Use the tabs to find books and ebooks for students enrolled in the DNP program. Or try your own search in TOPCAT or Ebook Central. Textbooks are typically found in Alverno's textbook collection. When borrowing textbooks, please be considerate of your classmates and return books when they are due. Overdue fines for textbooks will not be forgiven.
Questions? Ask a Librarian!
Sponsored by the University of Iowa, this continuing education course provides nurses with an understanding of the basic principles of evidence based practice. The cost for individual access to the online course is $29.
Other (free) resources for nurses can be found on Alverno's Evidence Based Nursing LibGuide.
The 14 digit barcode on your Alverno ID provides off campus access
To find articles on a topic: Start by visiting Databases by Subject for Nursing. CINAHL Plus with Full Text and PubMed MEDLINE are highly recommended for finding scholarly articles on a variety of nursing topics.
To find an article when you have a citation: Use the Google Scholar link found on the library's home page to search the content of Alverno's databases as well as the "free" web. Enter the article title into the Google Scholar search box and look for the full text links on the right side of the page.
When researching a topic, DNP students may wish to perform a comprehensive literature search in order to find as much information as possible. These handouts provide strategies for comprehensive searching.
Anybody can and anybody will post anything online...
So, how do you find the good stuff? By visiting the library's Best Website for Nursing.
Not finding what you need? Try using Google's advanced search feature to limit a search by domain. For example, limiting a search to .gov or .edu will only retrieve websites published by government bodies or accredited post secondary educational institutions.
Resources to help you write quality literature reviews and papers are available through the Alverno library and also online. Click the tabs to access recommended resources.
Resources for creating your literature review can also be found on the Writing a Literature Review LibGuide.
AGREE Reporting Checklist
The AGREE Reporting Checklist is intended to assist practice guideline developers to improve the completeness and transparency of reporting in practice guidelines. The checklist can also provide guidance to peer reviewers, journal editors, and guideline users about the essential components of a high quality practice guideline.
AMSTAR's (A Measurement Tool to Assess Systematic Reviews) goal is to create a valid, reliable, and useable instrument that will help users differentiate between systematic reviews, focusing on methodological quality and expert consensus. It can be used to develop and evaluate reviews, serves as a guide to conduct reviews, and can be used as an aid to teach about systematic reviews.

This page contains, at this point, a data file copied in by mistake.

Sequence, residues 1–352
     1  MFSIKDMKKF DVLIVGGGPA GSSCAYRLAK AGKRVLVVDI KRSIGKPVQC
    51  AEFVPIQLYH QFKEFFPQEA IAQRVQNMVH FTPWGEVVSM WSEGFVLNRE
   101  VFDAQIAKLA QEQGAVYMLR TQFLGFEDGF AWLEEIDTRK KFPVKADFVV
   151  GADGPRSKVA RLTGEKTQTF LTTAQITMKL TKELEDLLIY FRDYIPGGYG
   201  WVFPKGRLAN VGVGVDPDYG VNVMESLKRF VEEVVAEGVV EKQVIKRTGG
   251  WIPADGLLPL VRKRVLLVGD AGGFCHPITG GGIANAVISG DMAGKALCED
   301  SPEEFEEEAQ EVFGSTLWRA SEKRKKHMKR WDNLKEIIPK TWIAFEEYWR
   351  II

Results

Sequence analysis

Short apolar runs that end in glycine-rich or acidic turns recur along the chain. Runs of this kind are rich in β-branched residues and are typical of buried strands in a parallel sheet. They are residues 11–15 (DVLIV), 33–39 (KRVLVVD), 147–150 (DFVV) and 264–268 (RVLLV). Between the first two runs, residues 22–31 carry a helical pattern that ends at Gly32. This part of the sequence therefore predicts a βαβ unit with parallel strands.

CONSORT (Consolidated Standards of Reporting Trials) encompasses various initiatives developed by the CONSORT Group to alleviate the problems arising from inadequate reporting of randomized controlled trials.
The EQUATOR Network (Enhancing the Quality and Transparency of Health Research) is a useful resource that provides information on reporting guidelines and tips for good reporting in health studies. It includes access to CONSORT guidelines, PRISMA guidelines, and others.
PRISMA (Preferred Reporting Items for Systematic Reviews and Meta-Analyses) is an evidence-based minimum set of items for reporting in systematic reviews and meta-analyses. PRISMA focuses on the reporting of reviews evaluating randomized trials, but can also be used as a basis for reporting systematic reviews of other types of research, particularly evaluations of interventions.
SQUIRE (Standards for Quality Improvement Reporting Excellence) guidelines provide a framework for reporting new knowledge about how to improve healthcare. They are intended for reports that describe system level work to improve the quality, safety, and value of healthcare.
If your final scholarly project includes copies of images, charts, graphs, handouts, forms, or other materials that you did not create, you must determine if the copied work is protected by federal copyright law. If it is, you need permission to use the work - unless your use falls under the fair use exception of the copyright law or is permitted through a creative commons license.
Works that are in the public domain or published by the United States federal government are typically not copyright protected. While you do not need permission to use these works, you must still cite them in your final project. This chart will help you determine if a work is in the public domain.
These tips will help you understand how to get permission to use a copyright protected work.
Is your final scholarly project protected by copyright law? Yes, and you own the rights to your work. It is your intellectual property.